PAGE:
The Institute of Supply Management (ISM) index of U.S. factory activity declined 0.4 point to 48.2 in December—deeper into contraction (sub-50) territory, and the lowest reading since June 2009.  Economists had expected a rise to 49.  The new orders sub-index rose slightly to 49.2, but the employment gauge declined to 48.1 from 51.3.  The service sector remained in expansion but fell 0.6 point to 55.3 according to the ISM’s nonmanufacturing index.  Economists had expected a reading of 56.2.

Mortgage applications declined -12% last week after falling -17% the prior week to the lowest level since December of 2014.  Applications for loans to buy a home fell -11% following the prior week’s -4.3% decline.  Refinancing activity declined -12% after plunging -26% in the prior week.

The Commerce Department reported that U.S. construction spending fell -0.4% in November, the first decline since June of 2014.  Economists had been looking for a +0.9% increase.  November’s construction spending was still up +10.5% from the same time last year, however.   U.S. home prices rose +0.5% in November, making an annual gain of +6.3% according to real estate research firm CoreLogic.  Colorado and Washington (state) were the big gainers, up +10.4% and +10.2% respectively.  Texas and California were also strong, each up about 7%.  CoreLogic is expecting growth to moderate based on the fact that home-price gains are currently outpacing income growth by a wide margin.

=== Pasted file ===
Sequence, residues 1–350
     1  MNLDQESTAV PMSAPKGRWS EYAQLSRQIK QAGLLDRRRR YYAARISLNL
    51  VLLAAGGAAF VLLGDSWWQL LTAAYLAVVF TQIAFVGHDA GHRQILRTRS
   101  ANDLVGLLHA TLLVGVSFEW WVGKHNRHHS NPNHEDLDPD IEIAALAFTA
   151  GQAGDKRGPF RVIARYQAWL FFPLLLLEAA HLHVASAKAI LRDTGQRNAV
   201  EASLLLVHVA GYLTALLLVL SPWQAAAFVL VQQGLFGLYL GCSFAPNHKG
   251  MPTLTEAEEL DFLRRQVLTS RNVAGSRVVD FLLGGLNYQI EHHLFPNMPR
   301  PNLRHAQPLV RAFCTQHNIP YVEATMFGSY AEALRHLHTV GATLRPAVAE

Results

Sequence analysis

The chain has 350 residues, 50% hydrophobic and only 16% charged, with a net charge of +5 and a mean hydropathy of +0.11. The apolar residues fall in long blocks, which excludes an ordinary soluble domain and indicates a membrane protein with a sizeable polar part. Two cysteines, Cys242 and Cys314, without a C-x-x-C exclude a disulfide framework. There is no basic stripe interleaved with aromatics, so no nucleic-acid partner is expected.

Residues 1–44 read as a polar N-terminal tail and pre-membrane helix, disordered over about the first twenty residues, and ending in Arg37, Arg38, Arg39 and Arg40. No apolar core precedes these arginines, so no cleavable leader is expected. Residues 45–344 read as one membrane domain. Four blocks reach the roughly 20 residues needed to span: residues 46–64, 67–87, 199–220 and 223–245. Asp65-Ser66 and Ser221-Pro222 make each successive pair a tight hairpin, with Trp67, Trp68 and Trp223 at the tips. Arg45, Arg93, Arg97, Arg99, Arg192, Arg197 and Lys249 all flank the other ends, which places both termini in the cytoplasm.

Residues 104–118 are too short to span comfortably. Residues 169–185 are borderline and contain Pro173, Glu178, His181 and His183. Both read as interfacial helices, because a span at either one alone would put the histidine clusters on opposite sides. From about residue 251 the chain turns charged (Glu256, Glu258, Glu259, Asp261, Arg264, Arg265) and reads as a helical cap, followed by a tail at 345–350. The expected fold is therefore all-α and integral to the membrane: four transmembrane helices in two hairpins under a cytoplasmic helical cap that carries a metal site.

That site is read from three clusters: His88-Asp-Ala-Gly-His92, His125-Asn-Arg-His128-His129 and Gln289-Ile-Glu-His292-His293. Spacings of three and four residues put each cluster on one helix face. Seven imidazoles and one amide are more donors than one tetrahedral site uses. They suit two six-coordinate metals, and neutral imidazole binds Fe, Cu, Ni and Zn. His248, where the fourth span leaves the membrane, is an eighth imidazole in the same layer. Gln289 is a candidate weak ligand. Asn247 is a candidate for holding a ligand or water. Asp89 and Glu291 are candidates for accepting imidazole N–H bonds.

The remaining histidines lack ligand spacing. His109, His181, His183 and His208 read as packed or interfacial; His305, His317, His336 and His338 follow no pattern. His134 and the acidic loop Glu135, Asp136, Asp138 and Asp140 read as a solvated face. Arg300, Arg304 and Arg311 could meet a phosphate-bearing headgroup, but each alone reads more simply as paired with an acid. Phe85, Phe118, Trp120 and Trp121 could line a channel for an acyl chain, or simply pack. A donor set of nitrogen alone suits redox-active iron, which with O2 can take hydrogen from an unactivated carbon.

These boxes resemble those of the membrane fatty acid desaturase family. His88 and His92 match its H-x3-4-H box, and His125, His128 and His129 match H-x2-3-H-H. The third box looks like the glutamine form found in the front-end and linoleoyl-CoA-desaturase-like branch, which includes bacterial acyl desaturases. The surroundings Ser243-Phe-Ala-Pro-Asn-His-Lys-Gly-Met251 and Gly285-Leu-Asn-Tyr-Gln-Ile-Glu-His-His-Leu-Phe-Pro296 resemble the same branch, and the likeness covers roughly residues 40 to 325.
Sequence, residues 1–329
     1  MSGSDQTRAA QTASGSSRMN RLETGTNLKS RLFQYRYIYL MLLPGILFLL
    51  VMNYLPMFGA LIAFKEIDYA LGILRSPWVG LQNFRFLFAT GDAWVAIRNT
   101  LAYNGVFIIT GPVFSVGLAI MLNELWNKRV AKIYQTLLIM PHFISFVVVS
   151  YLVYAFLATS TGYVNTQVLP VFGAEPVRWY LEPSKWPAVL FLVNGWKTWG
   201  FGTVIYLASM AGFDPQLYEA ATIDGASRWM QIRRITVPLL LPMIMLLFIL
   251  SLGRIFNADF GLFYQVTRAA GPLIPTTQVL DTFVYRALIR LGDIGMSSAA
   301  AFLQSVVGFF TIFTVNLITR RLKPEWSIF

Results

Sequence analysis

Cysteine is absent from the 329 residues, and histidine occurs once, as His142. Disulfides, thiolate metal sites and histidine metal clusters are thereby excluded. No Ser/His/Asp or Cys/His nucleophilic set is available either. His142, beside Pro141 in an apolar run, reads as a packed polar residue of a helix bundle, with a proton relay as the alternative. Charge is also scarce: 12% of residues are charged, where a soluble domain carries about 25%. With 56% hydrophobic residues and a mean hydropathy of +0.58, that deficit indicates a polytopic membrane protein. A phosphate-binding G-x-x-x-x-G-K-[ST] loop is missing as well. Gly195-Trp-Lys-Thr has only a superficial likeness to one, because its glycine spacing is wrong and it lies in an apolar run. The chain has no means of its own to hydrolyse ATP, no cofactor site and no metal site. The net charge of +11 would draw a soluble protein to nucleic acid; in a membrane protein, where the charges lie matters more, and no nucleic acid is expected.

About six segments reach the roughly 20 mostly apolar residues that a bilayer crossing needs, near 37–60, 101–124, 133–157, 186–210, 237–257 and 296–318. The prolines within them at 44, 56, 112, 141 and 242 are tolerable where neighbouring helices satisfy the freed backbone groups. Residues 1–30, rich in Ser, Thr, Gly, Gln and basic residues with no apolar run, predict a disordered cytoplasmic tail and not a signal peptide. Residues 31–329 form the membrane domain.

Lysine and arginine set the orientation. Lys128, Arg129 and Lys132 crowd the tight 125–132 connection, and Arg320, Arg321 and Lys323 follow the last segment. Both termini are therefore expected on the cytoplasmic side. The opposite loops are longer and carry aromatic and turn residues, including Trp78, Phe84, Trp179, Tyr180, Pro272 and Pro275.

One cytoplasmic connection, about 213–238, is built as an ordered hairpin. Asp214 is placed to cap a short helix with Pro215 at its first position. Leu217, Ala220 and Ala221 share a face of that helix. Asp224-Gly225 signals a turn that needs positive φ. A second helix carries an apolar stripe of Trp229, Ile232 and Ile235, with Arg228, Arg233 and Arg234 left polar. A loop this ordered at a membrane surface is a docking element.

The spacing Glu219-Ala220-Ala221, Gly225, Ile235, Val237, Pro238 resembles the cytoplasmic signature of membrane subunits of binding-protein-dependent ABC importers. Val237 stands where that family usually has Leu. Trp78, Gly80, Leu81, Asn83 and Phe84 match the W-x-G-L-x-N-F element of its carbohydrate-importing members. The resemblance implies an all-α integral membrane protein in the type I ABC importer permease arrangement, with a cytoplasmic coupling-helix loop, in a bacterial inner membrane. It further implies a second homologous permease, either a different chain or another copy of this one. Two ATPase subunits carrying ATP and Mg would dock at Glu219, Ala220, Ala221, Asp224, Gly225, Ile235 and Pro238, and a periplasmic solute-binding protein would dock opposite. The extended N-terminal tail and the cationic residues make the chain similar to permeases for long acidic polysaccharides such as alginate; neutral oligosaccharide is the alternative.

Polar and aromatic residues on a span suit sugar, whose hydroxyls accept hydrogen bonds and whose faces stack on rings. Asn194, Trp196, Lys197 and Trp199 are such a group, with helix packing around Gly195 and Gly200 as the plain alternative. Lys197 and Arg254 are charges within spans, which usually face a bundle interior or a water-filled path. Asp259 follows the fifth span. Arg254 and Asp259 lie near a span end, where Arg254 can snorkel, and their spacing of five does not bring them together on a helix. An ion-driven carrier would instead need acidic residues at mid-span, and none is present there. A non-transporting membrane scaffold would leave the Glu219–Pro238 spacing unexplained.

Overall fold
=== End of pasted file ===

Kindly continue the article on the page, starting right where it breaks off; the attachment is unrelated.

In Europe, inflation rose +0.2% in December versus last year—the same as November’s final reading.  December’s reading missed analyst estimates of +0.3%.  Food, alcohol, and tobacco prices were up +1.2%, down from the previous month’s +1.5% gain.  Energy prices in Europe were down -5.9%.  The European Central Bank’ (ECB) goal of >2% inflation has not yet been met, likely to spur the ECB to take more action to boost the Eurozone’s sluggish economy.  In Germany, factory orders had a strong gain as new orders placed with German manufacturers rose +1.5% in November, handily exceeding expectations of a mere +0.1% rise.  It was the 2nd month of increases following October’s +1.7% gain.